Women’s Studies Program
109 Dickinson House
201 Clapp Lab
206 Ciruti Center
Course offers an overview of women's position in society and culture by examining women's lives from a variety of experiential and theoretical perspectives. The first section examines works by women that illuminate both the shared and the diverse social, psychological, political, and economic realities of their experience; the second section introduces analyses of sexism and oppression, with a focus on different frameworks for making and evaluating feminist arguments. Concludes with visionary feminist views of women recreating their lives.
WS 200 (O1)/HIST 280
African American and U.S. Women
Tuesday, Thursday 8:35-9:50 a.m.
How is our understanding of U.S. history transformed when we place African American women at the center of the story? This course will examine the exclusion of African American women from dominant historical narratives and the challenge to those narratives presented by African American women's history through an investigation of selected topics in the field. This course counts toward the UMass Women's Studies major or minor women of color requirement.
WS 200 (02)/HIST 296
Women, Spirituality, and Power: A Cross- Cultural Comparison
Wednesday, Friday 8:30-9:50 a.m.
How are the changing and varied experiences of women related to notions of the sacred? How are the very distinctions between "women" and "men" affected by such notions. In what ways is spirituality a source of power for women or a limit to their power? The critical and self-reflective use of historical analysis and interpretation are central to this inquiry into the relationships between women's experience and the boundaries sacred and profane in various cultures. Case studies include European women during the transition from medieval to modern society, African women during early encounters with European Christians as well as in the period after "independence," and women of the African diaspora.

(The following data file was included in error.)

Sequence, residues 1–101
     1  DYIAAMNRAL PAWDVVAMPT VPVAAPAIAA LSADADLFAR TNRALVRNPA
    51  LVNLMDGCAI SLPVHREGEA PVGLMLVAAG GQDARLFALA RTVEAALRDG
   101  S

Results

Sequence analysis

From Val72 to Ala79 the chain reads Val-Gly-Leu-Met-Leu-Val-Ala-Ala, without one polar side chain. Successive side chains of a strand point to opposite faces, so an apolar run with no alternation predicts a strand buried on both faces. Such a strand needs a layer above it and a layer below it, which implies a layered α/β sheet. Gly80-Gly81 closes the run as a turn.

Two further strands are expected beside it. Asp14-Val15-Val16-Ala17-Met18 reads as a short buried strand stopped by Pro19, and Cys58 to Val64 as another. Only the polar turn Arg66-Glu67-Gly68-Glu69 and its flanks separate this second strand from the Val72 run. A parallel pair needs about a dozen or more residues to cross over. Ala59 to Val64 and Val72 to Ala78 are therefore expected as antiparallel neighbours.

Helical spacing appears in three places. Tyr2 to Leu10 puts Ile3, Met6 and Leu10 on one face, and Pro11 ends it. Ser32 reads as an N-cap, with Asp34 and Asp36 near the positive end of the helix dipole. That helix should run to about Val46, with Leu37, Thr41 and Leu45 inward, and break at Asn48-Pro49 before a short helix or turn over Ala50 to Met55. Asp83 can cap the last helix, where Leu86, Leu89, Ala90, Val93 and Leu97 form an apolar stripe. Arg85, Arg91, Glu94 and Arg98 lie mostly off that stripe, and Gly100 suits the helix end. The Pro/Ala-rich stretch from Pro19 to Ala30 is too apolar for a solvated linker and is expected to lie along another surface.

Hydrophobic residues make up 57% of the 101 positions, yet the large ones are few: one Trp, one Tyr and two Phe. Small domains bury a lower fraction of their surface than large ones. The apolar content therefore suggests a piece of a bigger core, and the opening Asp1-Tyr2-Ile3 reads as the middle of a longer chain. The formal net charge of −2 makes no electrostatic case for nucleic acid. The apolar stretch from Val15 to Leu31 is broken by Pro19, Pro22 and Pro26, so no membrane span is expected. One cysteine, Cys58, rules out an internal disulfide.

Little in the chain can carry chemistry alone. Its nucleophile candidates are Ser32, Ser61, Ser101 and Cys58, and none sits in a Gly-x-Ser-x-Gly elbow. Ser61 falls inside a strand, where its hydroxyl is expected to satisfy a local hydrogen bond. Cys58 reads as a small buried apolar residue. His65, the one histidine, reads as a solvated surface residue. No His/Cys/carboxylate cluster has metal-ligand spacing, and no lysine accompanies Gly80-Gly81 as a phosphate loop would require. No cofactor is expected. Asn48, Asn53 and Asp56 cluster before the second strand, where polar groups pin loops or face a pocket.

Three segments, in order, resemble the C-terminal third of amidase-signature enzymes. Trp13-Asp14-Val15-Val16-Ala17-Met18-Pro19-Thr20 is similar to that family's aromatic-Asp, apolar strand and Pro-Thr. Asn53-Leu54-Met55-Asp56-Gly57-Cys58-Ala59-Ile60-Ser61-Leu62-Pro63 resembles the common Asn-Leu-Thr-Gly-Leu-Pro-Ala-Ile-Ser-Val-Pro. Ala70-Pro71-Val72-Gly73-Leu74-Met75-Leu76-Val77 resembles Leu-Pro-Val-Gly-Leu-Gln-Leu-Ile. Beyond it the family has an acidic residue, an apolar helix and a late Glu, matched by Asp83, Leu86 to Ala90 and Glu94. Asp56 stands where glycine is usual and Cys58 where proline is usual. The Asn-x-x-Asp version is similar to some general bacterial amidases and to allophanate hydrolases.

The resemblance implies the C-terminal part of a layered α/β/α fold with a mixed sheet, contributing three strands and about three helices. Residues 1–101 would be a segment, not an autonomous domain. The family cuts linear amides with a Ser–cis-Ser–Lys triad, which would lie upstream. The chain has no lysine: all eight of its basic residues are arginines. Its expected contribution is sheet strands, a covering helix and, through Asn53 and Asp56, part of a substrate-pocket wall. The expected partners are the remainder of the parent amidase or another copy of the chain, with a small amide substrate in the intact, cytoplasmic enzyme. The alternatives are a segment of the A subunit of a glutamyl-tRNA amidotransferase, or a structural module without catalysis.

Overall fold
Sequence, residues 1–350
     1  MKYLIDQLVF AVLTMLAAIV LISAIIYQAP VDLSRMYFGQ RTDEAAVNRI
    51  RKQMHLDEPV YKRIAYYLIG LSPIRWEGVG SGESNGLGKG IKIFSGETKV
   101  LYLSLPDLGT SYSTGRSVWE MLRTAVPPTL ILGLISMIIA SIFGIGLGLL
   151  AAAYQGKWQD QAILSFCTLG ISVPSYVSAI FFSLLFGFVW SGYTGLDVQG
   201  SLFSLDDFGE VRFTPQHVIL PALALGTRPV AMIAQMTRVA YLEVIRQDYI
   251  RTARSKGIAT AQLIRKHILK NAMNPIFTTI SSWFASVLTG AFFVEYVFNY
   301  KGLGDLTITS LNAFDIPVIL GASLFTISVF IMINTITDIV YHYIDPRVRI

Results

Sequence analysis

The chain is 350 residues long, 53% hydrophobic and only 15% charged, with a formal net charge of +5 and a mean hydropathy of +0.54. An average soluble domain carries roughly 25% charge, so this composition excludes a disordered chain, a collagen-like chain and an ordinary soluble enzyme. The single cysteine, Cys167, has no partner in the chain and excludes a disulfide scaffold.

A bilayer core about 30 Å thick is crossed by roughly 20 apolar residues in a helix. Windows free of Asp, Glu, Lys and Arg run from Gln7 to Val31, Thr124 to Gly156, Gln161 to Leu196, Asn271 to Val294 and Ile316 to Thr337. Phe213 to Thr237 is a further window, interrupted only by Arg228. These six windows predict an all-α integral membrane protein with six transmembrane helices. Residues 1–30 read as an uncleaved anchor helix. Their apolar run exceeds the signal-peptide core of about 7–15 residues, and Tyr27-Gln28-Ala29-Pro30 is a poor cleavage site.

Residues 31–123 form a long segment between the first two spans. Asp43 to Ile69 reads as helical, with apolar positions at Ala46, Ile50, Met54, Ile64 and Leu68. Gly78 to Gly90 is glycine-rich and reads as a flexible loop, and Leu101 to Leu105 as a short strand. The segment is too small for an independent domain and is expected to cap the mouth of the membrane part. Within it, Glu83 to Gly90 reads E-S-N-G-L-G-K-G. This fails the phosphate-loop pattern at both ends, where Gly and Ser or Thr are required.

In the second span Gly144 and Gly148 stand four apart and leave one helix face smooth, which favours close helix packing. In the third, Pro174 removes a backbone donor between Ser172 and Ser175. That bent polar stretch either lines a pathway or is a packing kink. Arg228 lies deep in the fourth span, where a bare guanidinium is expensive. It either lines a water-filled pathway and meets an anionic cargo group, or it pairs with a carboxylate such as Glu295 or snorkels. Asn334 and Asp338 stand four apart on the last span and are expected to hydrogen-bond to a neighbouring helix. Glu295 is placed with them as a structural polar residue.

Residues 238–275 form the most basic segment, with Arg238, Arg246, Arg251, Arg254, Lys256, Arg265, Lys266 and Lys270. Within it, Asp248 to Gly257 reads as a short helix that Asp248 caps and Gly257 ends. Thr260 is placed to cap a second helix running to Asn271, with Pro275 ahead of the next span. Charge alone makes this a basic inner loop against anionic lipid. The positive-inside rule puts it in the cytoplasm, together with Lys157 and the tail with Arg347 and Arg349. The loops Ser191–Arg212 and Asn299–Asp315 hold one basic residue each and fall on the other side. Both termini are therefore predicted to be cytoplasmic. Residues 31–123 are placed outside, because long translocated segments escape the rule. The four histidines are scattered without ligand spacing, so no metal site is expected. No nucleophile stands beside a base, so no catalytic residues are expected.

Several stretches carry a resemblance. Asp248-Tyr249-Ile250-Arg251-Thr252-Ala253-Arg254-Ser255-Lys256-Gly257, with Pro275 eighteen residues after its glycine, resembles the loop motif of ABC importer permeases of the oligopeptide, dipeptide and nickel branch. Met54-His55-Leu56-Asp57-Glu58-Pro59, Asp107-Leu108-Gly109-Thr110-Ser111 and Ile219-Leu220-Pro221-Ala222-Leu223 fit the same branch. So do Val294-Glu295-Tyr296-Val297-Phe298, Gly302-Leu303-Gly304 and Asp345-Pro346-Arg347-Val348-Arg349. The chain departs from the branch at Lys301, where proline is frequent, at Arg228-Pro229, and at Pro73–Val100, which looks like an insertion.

Women in American Religious History
Tuesday, Thursday 1:00-2:15 p.m.
Critical study of significant women (Anne Hutchinson, Mother Ann Lee, Mary Baker Eddy, Ellen Gould White,
Aimee Semple McPerson, Dorothy Day, and others) and their roles in the pluralistic character of American
religion. It raises central questions concerning leadership, marginality, deviant behavior, and criticism of
women. Students are expected to contribute to the course by their participation and individual research.
WS 233/POL 233
Invitation to Feminist Theory
Monday, Wednesday 2:30-3:45 p.m.
On the complexities and tensions between sex, gender, and power. We explore the overlapping dualities of the feminine and the masculine, the private and the public, the home and the world. We examine different forms of power over the body; the ways gender and sexual identities reinforce or challenge the established order; and the historical forces behind the current upheavals in sexual relations. Finally, we probe the cultural determinants of "women's emancipation."
WS 333 (01)
Emily Dickinson in Her Time
Tuesday 1:00-4:00 p.m.
This class will meet at the Dickinson Homestead in Amherst. Enrollment limited to ten (10). Students must apply during pre-registration for enrollment in this course at the Women's Studies Office, 109 Dickinson House. Pre-requisites: junior or senior; 8 credits in WS beyond WS 101 or PERMISSION OF INSTRUCTOR.
WS 333 (02)/HIST 381(02)
Women, Politics and Activism in the US
Monday 1:00-3:50 p.m.
This seminar examines the changing relationships between women and policies in the United States from the 1790s to the 1970s. Focusing on women's activism in and out of formal political arenas, we will consider the conceptual and interpretive problems raised by the inclusion of women in American political history. Students will be expected to write a substantial essay based on original research.
WS 333 (03)/SOC 316
The Sociology of Gender
Tuesday 1:00-3:50 p.m.
This course focuses on the social production and reproduction of gender relationships across a range of institutional, interactional, intellectual and cultural contexts. The syllabus is structured around selections from major social, political, economic and cultural theories of gender in addition to several exemplary empirical studies. Weekly topics include kinship and socialization, the contemporary moral orders of masculinity and femininity, issues in sexuality, paid work, housework and family organization, legal systems and nation-states, war and rape, and the gendered organization and deployment of "expert" authority in a range of settings.
Women of Color